America's urbanites have engaged in many tumultuous struggles for civil and worker rights since the Second World War. In Whose Detroit?, Heather Ann Thompson focuses in detail on the struggles of Motor City residents during the 1960s and early 1970s and finds that conflict continued to plague the inner city and its workplaces even after Great Society liberals committed themselves to improving conditions.
Using the contested urban center of Detroit as a model, Thompson assesses the role of such upheaval in shaping the future of America's cities. She argues that the glaring persistence of injustice and inequality led directly to explosions of unrest in this period. Thompson finds that unrest as dramatic as that witnessed during Detroit's infamous riot of 1967 by no means doomed the inner city, nor in any way sealed its fate. The politics of liberalism continued to serve as a catalyst for both polarization and radical new possibilities and Detroit remained a contested, and thus politically vibrant, urban center.
Thompson's account of the post-World War II fate of Detroit casts new light on contemporary urban issues, including white flight, police brutality, civic and shop floor rebellion, labor decline, and the dramatic reshaping of the American political order. Throughout, the author tells the stories of real events and individuals, including James Johnson, Jr., who, after years of suffering racial discrimination in Detroit's auto industry, went on trial in 1971 for the shooting deaths of two foremen and another worker at a Chrysler plant.
Bringing the labor movement into the context of the literature of Sixties radicalism, Whose Detroit? integrates the history of the 1960s into the broader political history of the postwar period. Urban, labor, political, and African-American history are blended into Thompson's comprehensive portrayal of Detroit's reaction to pressures felt throughout the nation. With deft attention to the historical background and preoccupations of Detroit's residents, Thompson has written a biography of an entire city at a time of crisis.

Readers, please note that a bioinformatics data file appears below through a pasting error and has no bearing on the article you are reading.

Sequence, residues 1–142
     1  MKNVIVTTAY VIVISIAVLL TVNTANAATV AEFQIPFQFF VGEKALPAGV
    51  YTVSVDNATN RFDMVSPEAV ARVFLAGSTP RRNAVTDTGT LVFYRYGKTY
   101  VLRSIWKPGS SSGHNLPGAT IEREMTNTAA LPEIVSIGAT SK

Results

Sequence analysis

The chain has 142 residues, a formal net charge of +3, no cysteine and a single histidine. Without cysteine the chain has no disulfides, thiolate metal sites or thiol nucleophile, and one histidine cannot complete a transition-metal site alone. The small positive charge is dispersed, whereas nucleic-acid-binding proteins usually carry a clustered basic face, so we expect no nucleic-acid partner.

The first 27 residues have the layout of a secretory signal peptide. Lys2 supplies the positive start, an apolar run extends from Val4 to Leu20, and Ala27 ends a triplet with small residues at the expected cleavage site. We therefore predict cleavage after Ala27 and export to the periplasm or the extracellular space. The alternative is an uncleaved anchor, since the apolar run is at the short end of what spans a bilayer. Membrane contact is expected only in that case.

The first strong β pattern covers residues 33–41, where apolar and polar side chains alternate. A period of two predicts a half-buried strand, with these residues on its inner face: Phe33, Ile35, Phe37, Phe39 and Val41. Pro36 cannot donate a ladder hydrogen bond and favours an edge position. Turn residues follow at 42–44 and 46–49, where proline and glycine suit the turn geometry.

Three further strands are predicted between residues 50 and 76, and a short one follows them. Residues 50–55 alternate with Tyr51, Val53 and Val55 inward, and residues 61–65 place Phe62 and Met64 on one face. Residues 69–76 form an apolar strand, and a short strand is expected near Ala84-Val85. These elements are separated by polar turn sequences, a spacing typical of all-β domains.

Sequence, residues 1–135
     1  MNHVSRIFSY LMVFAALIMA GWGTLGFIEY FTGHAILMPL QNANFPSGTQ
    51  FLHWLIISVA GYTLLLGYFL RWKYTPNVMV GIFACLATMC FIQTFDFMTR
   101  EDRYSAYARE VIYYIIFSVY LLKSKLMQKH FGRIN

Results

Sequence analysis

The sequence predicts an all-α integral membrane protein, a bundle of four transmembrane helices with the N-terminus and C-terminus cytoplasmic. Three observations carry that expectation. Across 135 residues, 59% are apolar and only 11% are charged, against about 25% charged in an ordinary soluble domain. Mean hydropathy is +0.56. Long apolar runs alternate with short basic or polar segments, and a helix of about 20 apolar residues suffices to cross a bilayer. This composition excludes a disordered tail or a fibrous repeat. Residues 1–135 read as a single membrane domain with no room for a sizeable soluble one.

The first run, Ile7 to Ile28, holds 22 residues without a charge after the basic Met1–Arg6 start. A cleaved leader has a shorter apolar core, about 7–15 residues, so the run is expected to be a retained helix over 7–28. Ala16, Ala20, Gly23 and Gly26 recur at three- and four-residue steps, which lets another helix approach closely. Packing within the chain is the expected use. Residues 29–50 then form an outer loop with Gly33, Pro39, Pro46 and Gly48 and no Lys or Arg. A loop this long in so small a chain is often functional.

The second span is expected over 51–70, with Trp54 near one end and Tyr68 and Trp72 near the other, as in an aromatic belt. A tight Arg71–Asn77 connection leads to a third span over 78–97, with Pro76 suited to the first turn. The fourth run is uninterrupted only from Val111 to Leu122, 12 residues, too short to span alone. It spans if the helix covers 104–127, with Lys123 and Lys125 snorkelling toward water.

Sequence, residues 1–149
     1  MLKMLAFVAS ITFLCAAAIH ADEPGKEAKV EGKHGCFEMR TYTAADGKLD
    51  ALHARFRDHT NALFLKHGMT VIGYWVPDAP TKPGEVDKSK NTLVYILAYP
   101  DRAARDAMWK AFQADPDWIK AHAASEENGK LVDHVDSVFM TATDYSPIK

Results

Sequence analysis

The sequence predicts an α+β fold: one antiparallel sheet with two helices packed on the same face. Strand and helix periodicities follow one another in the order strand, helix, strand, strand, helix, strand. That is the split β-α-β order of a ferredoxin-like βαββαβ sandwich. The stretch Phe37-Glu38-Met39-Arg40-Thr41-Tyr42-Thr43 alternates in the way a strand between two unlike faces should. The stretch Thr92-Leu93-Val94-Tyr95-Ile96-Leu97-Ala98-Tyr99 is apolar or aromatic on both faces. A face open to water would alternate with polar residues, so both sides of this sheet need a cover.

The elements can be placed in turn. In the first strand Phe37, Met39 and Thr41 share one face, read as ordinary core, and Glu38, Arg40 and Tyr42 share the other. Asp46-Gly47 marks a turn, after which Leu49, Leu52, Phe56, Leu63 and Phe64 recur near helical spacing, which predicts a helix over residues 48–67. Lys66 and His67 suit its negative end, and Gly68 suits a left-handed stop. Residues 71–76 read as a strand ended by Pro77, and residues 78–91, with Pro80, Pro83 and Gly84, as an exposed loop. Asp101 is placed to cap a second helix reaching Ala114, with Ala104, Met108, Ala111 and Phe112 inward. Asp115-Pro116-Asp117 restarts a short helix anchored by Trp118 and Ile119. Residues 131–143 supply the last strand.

|Publisher:||Cornell University Press|
|Edition description:||With a New Prologue|
|Product dimensions:||6.10(w) x 9.10(h) x 0.90(d)|
About the Author
Heather Ann Thompson is Professor of History at the University of Michigan. She is the Pulitzer- and Bancroft-winning author of Blood in the Water: The Attica Uprising of 1971 and Its Legacy. Her writing has appeared in The New York Times, Time, The Atlantic, Salon, Dissent, New Labor Forum, and The Huffington Post.
Table of Contents
Prologue to the 2017 Printing
Introduction: Reassessing the Fate of Postwar Cities, Politics, and Labor
1. Beyond Racial Polarization: Political Complexity in the City and Labor Movement of the 1950s
2. Optimism and Crisis in the New Liberal Metropolis
3. Driving Desperation on the Auto Shop Floor
4. Citizens, Politicians, and the Escalating War for Detroit's Civic Future
5. Workers, Officials, and the Escalating War for Detroit’s Labor Future
6. From Battles on City Streets to Clashes in the Courtroom
7. From Fights for Union Office to Wildcats in the Workplace
8. Urban Realignment and Labor Retrenchment: An End to Detroit’s War at Home
Conclusion: Civic Transformation and Labor Movement Decline in Postwar Urban America